WOODS CROSS—After a great deal of planning and listening to public input, construction of a new public works facility is coming to fruition.
“They’ll start the underground work April 1,” said Woods Cross Public Works Director Scott Anderson. “It’s about a nine month construction time frame so we’re looking at March 2018 to move in.”
City officials held one last public open house last week to give residents a chance to see the final plans and ask any questions before construction begins. The official groundbreaking was on March 25.
A proposal to build a new facility came before the council in 2016 along with a suggested tax increase to cover the costs. Initially it was projected to reach $8 million but Woods Cross City Administrator, Gary Uresk said it’s coming in closer to $6 million.
“There was some discussion with the council and they went with a little lower tax rate than anticipated, which is always good,” Uresk said. “They also used some sales tax from the new project (Woods Crossing) so it will add less to property taxes.”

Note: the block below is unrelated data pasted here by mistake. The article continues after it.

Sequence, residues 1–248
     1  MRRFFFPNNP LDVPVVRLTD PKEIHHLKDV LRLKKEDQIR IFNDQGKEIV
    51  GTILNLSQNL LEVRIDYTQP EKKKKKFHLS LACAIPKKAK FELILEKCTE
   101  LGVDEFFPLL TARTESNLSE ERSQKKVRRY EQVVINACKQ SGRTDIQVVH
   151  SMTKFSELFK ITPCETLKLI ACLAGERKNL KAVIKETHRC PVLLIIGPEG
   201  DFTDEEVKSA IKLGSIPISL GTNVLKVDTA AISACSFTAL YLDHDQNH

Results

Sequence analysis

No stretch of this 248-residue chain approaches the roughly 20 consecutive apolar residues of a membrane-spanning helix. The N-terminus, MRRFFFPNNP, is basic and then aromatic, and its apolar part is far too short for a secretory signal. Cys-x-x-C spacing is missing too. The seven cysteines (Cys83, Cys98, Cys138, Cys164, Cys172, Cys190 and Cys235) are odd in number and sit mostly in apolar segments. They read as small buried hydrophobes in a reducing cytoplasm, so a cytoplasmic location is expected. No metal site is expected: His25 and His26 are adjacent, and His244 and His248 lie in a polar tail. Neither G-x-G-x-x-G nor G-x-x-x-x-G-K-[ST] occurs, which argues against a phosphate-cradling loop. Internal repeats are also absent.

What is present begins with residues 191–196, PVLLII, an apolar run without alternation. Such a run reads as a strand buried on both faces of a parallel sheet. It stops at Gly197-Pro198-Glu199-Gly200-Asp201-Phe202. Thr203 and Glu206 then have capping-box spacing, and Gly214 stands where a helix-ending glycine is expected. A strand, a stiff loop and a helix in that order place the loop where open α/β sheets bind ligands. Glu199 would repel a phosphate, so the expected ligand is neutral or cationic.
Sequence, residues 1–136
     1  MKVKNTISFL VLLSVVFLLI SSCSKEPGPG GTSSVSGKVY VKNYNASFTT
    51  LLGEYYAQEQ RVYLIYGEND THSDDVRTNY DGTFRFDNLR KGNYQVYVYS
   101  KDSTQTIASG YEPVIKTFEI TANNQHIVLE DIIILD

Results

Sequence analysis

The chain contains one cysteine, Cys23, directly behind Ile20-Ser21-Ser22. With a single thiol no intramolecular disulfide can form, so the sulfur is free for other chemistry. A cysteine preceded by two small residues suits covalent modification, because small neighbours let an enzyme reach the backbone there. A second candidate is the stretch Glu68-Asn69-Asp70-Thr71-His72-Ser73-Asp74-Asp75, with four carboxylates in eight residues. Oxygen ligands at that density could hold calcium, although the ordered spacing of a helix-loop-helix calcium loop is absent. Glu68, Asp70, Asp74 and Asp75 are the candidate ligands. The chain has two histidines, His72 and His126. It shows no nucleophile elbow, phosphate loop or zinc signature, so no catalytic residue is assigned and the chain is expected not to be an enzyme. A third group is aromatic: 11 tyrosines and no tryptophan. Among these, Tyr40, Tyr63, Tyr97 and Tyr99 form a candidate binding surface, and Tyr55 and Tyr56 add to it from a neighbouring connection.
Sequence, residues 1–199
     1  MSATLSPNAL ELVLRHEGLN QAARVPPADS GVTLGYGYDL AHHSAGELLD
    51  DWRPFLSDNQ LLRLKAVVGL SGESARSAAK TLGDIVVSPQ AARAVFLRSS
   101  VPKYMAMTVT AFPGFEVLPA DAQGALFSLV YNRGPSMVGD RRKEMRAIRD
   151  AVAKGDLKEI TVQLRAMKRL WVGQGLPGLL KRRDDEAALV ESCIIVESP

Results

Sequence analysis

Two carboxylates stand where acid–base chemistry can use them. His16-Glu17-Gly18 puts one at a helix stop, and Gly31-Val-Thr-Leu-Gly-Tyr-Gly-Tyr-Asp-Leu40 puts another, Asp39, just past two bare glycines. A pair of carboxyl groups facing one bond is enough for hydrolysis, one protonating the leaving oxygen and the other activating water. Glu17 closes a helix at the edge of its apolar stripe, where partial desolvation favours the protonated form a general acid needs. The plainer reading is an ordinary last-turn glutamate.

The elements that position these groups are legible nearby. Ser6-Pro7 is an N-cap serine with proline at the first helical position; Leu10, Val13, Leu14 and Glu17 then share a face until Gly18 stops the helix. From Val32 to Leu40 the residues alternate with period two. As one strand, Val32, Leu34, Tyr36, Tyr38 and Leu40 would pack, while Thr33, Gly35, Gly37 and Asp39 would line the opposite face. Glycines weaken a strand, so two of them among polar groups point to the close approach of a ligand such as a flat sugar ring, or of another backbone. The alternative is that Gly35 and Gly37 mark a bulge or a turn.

The current building is about 30 years old and too small to house all the city equipment Uresk said, which prompted the need for a new facility.
“It will have office and maintenance space,” said Anderson. “There will also be internal storage for equipment and a materials building storage area that will help with the environment because there is a design system so there won’t be any runoff of hazardous materials.”
In addition, there is evidence storage for the police department. “The biggest thing is a 48’ x 58’ multipurpose room,” said Anderson. “We anticipate that the public can rent it for different events. It will hold about 250 people at tables. The council chose to build the facility bigger than we designed so it would be multifunctional for the city residents.”
The completed facility will be just over 43,000 square feet total, according to Robert Squires, preconstruction project manager for Ascent Construction.
“It’s designed to be energy efficient with LED lights and lots of natural light,” Squires said. “Especially in the shop area, the lights can be turned off during the day. There is a built-in vehicle exhaust system to maintain good air quality.”
There are also difficult soils on the site, said Squires, so Ascent is using stone columns to increase the bearing capacity on the soil. “We want to resolve these issues so there aren’t problems like some of the homes here are having, with no settling.”
Ascent has completed several other big projects in the area such as the Kaysville and Centerville libraries and buildings in Station Park.
“Woods Cross has been great to work with,” said Squires. “We’re excited to get going.”